Saturday, February 21, 2009

Master the game: your attitude helps, too

For any MMO game or virtual world developer, attracting sufficient numbers of paying customers is a crucial part of running their business. There has to be a critical mass of players to keep the game going, and these players also have to foot the bills. After all, these developers are in it for the money, or at least they need enough of it to stay afloat!

That'ss why game developers keep a keen eye on user retention: what percentage of new users decides to stay?. It is often difficult enough to attract new players with free trials and such, and of the few people who come to give a product a spin, even less decide to spend money and stay around. Hence the interest in any games' new player experience: if it's too difficult to master the basics of the game, user retention will be low. For example, a friend of mine decided to try out Second Life, but after bumping aimlessly into trees and other dazed newbies for about thirty minutes, he just gave up, never to return.

Linden Labs has been struggling with this for years, but apparently they are not alone. CCP, Eve Online's creator, is ramping up an expansion to Eve which will feature a completely revamped new player experience, mostly to counter Eve Online's reputation as being notoriously hard to master.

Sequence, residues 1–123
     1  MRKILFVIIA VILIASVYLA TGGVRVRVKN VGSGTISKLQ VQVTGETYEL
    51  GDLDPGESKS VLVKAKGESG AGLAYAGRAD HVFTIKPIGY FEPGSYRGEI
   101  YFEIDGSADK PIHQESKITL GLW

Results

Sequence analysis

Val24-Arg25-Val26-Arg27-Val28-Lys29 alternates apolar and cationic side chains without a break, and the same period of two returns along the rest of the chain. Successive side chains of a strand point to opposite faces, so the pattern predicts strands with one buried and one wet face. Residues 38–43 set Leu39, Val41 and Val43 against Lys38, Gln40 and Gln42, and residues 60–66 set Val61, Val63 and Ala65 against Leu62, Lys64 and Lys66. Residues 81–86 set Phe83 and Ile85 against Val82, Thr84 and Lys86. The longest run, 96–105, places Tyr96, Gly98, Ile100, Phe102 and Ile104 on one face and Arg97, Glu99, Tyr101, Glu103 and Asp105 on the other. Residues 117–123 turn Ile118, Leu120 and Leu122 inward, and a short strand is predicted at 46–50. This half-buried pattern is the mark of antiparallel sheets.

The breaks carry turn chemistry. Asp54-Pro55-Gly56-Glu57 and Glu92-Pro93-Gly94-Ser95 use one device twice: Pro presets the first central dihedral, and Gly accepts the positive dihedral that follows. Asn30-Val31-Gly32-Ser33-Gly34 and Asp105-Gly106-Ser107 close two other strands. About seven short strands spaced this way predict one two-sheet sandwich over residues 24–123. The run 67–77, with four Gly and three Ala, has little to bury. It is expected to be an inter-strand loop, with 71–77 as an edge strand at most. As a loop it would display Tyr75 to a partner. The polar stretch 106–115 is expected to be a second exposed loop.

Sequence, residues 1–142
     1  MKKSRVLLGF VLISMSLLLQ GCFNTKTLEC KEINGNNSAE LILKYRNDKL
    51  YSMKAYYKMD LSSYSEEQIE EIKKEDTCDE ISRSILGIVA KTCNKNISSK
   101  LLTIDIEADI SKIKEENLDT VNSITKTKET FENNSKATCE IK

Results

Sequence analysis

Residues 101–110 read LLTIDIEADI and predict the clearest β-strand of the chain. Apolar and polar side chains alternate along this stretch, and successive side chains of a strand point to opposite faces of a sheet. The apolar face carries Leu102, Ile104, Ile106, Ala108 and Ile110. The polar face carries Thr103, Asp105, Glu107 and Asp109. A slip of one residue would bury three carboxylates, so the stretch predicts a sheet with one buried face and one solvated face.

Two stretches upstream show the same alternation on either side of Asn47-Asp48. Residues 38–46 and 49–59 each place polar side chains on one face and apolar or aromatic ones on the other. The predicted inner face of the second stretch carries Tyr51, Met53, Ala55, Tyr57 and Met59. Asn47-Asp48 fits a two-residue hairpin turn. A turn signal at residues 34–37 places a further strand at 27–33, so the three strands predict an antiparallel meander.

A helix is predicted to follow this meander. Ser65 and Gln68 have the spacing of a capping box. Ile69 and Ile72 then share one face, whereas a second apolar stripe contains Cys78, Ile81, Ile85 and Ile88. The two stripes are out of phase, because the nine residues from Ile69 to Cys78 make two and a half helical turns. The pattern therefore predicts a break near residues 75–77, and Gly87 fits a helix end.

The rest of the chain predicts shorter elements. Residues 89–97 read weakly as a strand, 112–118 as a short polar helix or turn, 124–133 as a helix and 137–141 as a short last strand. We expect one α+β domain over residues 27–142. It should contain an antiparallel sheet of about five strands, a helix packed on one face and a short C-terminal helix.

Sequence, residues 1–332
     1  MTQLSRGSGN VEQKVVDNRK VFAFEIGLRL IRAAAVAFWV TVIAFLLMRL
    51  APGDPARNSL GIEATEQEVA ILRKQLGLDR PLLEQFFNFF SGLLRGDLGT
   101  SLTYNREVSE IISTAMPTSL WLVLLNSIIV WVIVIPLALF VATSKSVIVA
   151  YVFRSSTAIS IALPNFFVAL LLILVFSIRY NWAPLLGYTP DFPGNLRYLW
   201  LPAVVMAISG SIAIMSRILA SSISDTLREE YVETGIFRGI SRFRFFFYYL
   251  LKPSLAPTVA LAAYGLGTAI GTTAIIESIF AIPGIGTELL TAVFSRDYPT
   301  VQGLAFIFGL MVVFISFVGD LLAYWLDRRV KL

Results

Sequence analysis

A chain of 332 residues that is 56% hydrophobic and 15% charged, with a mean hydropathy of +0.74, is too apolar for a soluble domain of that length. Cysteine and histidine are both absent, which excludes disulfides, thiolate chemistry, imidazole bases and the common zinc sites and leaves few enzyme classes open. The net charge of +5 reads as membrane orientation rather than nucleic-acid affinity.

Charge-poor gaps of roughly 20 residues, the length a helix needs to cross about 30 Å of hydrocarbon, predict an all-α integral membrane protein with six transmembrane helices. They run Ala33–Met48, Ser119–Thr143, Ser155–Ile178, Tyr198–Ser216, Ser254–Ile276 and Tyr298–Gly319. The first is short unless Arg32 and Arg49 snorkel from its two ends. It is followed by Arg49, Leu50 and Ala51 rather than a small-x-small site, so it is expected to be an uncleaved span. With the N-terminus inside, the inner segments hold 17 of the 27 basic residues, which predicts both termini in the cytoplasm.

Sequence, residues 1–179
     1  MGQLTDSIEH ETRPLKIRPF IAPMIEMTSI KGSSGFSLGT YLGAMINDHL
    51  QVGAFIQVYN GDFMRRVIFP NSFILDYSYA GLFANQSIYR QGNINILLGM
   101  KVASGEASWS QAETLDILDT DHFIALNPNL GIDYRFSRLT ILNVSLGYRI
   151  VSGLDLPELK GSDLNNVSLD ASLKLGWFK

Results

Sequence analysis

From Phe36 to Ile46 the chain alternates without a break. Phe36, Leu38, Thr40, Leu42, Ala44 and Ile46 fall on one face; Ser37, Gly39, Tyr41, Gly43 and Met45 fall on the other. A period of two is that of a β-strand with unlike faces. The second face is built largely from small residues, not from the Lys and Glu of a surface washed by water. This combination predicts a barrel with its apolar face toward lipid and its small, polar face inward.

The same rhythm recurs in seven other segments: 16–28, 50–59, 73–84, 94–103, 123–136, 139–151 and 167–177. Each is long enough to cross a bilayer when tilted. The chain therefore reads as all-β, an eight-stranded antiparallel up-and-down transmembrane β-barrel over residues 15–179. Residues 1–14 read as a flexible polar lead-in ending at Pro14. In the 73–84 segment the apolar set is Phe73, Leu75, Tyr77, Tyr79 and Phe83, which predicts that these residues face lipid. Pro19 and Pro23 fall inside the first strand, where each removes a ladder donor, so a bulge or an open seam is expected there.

To be honest, I didn't find Eve Online that hard. I didn't have any MMORPG experience at all, so I blamed the difficulties I encountered on myself, thinking it was my problem instead of Eve Online's! Perhaps this attitude allowed me to appreciate the game more than others, who might have expected an experience similar to games they played earlier. Being a total n00b sometimes does have it advantages!

But I think it's more than that. It's also an attitude thing! It's about a new players' willingness to accept a new game as is; it's about having an open mind to the new environment and it's possibilities or problems. It's also about having a certain curiousity and persistance, which helped me overcome the first hurdles in more than one environment. Perhaps something to keep in mind, the next time you try out a new game?

Unfortunately for game developers though, they can't expect the average user to be so forgiving. Hence the need for exquisitely honed and perfectly balanced new player experiences..

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